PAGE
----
June 28, 2014
This week I am posting a heart wrenching story that is emotionally powerful and brought the tears flowing. It gives me pause and makes me wonder about the power of music and how much the fans around the world appreciate the Gibb brothers and the beauty of their work. I am very grateful that fans feel comfortable enough to write to me about their innermost feelings and hope you all will enjoy this special message. It comes from a psychiatric nurse at Johns Hopkins Hospital who has been working with patients for 26 years.
I first encountered the Bee Gees when Main Course came out. I was about 10 years old. At the time, I was a depressed child, bullied at school, having moved from South Jersey to Maryland with a funky accent and quirky mannerisms. Life seemed to get worse for me; what 10 year-old thinks of dying every day, but I was there. EXCEPT when I got the Main Course album and listened to it endlessly. It took me away to comfortable place, a place where I could be myself and no one was there to judge me.
Things did get worse; by the time I was 12 I took my first overdose. I spent 7 months in a mental hospital, as Spirits Having Flown gave me a will to live. I remember the 1979 concert at the Capital Center in Washington, D.C. My sister bought me tickets, but my doctors did not recommend me going, forbidding my discharge until after the concert. Luckily, the insurance ran out, and i was able to go, and my very real encounter with my idols was the highlight of my life.
I tried my best to go on, attending high school against the advice of the school board who wanted me to go to a school for the emotionally disturbed. I refused. I relied on the Bee Gee’s music every day to sustain me as I really didn’t have any other coping mechanisms, and it worked! I was integrating back into normal life the best I could, but with their help, which was better than any therapy I got.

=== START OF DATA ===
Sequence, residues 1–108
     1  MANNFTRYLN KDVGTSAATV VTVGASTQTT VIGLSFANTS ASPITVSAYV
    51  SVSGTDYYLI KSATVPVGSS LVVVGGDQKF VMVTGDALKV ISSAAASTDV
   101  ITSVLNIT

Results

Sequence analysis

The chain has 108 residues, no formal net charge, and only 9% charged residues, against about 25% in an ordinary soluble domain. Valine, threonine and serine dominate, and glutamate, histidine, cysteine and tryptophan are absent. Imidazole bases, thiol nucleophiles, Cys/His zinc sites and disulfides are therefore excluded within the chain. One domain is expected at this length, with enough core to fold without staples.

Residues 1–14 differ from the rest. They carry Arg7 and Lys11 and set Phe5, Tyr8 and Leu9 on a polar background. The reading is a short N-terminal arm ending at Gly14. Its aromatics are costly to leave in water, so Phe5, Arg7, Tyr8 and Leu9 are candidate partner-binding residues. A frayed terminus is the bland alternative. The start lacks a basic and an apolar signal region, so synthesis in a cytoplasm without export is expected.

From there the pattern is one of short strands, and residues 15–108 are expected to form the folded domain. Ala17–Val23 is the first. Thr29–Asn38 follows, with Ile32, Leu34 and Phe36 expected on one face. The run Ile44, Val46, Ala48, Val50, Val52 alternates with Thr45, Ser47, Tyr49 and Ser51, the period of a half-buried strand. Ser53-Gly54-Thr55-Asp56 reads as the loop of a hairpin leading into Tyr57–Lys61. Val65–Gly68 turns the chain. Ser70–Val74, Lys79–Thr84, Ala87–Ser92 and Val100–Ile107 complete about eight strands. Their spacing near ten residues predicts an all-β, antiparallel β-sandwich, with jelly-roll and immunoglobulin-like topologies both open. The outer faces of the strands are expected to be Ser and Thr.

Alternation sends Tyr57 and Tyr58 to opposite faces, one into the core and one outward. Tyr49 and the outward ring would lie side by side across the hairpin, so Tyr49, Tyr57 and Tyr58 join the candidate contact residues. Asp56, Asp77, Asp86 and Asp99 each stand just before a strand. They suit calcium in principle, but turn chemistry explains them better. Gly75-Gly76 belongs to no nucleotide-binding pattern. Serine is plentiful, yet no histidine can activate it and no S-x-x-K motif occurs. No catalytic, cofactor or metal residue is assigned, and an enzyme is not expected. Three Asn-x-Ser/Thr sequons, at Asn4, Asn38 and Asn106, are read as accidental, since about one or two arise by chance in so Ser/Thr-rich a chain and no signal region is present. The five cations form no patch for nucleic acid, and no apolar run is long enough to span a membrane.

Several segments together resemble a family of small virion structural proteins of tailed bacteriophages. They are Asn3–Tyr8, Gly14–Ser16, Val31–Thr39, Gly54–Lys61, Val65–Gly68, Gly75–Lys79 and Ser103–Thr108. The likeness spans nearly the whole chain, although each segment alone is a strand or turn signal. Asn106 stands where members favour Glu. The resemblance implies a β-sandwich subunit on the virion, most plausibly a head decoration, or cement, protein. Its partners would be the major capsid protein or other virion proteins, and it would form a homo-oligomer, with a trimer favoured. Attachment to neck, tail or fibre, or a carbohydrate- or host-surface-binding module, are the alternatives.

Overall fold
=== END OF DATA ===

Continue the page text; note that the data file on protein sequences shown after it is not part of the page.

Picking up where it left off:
Things went well for a year or two, and then I was raped when I was in the 10th grade. I lost my bearings, and spent more time in the hospital. This time was a little different, however, as I don’t think I really wanted to die, but I just needed more help. Again, the music carried me through and I credit it as my inspiration. You see, I had to make a decision. What am I going to do with my life? Am I going to live, or am I going to live my life in and out of hospitals? I really thought that Barry, Robin and Maurice would want me to buck up and go on, and that’s what I did.
I graduated high school with honors, then went to nursing school at the University of Maryland and graduated with honors, with my Bee Gees at my side. I was fortunate enough to see them in 1989 at Merriweather Post Pavilion in Columbia, Maryland. I was a brand new nurse and credit it all to them.
Today when anyone asks me how I succeeded, I thank those three wonderful human beings who, through their wonderful music, gave me a reason to live. I have made it through the deaths of Mo and Robin, my “brothers” and praise Barry to the ends of the earth for the life I now have.
I’m married and have a beautiful 10-year-old daughter. I have a career that I could really only dream about, and I have an endless love in my heart for those three brothers from the Isle of Man who have saved my life on many occasions and have brought me endless joy.